Sunday, November 12, 2006

How Do We Get Healthcare For All?

November 2, 2004 I was driving home from Phoenix, Arizona. I had just finished 2 days helping with Election Protection; informing Arizonans about their polling places and then observing at polling places on election day.

On the eve of the election, the Election Protection people informed those of us voluteering in Phoenix that there might be other observers at the polling places. Arizonans were voting that year on a proposition (Prop. 200) that would require all residents of the state to prove they were citizens before they could receive any public services or vote. Certain pro-Prop. 200 citizens, we were warned, might be standing at the ready with their hand guns visible (as is legal in Arizona) observing (and possibly scaring away) those who were coming to the polling places to vote.

Prop 200 passed by 56%.

And the scaring away had just begun.

From a healthcare perspective, causing anyone to be afraid to seek care is disasterous. Nurses of all political persuasions ought to stand strong advocating for patients, all patients, to get the medical care they need.

An undocumented immigrant from Mexico working in Phoenix told a San Francisco Chronicle reporter that "it had not even occurred to him to apply for welfare or other benefits for himself, but he knows his 2-year-old son is eligible for medical care because the toddler was born in the United States. Now however, [he] and his wife are nervous about taking the boy to doctor's appointments for fear someone will report them to immigration authorities." ( Not getting the care the child deserves leaves him open to illnesses and suffering he shouldn't have to go through as well as causes him to be a potential victim of diseases easily spread to other children.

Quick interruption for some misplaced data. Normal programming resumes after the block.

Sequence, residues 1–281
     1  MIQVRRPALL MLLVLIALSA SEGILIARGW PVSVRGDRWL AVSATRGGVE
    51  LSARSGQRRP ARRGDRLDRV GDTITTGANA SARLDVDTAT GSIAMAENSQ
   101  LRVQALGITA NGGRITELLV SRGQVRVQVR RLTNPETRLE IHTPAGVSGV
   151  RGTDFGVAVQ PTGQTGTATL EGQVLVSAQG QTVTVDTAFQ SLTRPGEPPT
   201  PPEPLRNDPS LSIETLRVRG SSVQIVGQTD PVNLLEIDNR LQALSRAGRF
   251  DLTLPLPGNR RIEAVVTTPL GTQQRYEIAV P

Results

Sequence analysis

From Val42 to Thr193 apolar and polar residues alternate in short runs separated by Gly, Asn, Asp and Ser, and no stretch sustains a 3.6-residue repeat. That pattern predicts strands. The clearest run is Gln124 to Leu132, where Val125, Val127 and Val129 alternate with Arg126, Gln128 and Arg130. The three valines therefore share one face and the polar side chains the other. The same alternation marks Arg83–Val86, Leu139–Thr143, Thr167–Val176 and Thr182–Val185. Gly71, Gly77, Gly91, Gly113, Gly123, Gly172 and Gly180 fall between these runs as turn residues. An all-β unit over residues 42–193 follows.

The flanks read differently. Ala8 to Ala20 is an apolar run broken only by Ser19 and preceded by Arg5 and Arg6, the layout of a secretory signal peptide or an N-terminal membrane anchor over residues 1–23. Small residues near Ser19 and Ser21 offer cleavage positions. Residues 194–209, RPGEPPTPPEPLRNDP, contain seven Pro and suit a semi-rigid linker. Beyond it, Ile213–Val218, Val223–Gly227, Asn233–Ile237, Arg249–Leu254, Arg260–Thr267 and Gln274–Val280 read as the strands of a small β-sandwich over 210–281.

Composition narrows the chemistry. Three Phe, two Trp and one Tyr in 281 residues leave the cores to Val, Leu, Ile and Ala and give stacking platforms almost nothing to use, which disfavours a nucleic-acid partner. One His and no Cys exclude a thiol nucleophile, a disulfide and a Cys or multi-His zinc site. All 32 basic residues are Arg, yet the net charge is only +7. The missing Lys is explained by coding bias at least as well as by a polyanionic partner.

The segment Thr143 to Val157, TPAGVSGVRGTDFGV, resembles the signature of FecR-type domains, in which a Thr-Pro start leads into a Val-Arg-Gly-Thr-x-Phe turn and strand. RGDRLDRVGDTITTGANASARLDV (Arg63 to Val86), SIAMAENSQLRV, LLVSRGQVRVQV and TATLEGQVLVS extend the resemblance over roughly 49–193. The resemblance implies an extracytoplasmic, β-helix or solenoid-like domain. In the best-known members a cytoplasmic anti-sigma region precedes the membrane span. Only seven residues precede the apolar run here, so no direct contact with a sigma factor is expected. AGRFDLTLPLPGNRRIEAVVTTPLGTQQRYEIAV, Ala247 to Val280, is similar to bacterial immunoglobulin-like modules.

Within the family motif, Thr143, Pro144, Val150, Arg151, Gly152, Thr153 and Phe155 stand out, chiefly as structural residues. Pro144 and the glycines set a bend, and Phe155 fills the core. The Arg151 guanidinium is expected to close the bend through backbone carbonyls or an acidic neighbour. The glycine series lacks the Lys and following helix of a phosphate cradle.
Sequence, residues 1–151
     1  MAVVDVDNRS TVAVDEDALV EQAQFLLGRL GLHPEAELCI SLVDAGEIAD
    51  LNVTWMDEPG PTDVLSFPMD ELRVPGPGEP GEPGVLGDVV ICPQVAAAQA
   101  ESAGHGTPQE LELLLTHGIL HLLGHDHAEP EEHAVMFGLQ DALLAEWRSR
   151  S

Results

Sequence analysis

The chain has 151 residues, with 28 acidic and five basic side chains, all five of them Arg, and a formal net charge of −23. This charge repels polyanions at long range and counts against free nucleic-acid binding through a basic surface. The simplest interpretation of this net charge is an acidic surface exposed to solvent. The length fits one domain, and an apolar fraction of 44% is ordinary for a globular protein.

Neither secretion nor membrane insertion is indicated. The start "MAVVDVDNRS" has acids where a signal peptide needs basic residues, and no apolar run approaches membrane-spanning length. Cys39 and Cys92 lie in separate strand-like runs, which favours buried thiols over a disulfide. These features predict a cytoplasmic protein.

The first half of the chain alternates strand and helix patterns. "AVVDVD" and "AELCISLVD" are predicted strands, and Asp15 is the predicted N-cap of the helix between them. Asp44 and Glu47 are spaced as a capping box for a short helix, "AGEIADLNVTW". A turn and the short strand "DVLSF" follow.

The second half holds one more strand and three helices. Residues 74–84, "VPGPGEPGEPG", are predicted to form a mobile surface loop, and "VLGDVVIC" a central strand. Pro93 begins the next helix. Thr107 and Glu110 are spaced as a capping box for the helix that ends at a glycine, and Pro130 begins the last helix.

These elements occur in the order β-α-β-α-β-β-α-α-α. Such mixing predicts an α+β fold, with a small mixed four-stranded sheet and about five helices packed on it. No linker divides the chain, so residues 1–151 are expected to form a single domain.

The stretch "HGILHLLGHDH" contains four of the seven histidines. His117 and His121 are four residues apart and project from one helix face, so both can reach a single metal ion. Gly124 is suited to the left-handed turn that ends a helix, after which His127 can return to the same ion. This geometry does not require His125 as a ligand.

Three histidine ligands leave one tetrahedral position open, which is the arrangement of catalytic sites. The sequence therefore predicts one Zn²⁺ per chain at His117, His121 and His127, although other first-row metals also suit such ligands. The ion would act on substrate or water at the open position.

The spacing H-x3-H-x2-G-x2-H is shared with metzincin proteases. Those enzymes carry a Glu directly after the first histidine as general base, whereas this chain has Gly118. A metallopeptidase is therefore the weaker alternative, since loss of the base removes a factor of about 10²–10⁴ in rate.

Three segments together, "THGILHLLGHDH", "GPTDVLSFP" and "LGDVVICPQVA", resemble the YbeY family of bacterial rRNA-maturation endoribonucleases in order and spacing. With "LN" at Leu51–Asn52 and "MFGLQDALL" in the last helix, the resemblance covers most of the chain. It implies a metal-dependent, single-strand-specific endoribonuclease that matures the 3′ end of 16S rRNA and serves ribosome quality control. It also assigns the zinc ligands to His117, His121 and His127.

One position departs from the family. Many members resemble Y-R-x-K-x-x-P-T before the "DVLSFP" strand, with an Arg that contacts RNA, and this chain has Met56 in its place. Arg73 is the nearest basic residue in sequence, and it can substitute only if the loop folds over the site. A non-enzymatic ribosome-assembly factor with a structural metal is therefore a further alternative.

Not protecting one makes us all vulnerable.

In border towns that have a daily influx and outflow of workers from Mexico, those who live on the Mexican side of the line cannot be treated even for active tuberculosis since public health workers may not treat non-citizens. These towns just have to live with the epidemics that modern healthcare and common sense could easily wipe out.

Again not protecting one makes us all vulnerable.

November 7th blew a wind of relief and fresh hope across America. A new direction in politics will also mean a new direction in Healthcare Reform. Where the Reform has to end up is Healthcare for All.

In 2003, Rep. John Conyers of Michigan first introduced HR 676, the United States National Health Insurance Act. Under HR 676, Medicare would be extended and improved so that all individuals residing in the United States would receive high quality and affordable health care services. They would receive all medically necessary services by the physicians of their choice, with no restrictions on what providers they could visit. If implemented, the United States National Health Insurance Act would cover primary care, dental, mental health, prescription drugs, and long term care. (

This is the kind of program worthy of the United States of America.

Call or write your Senators and Representatives to tell them to make this bill Law now.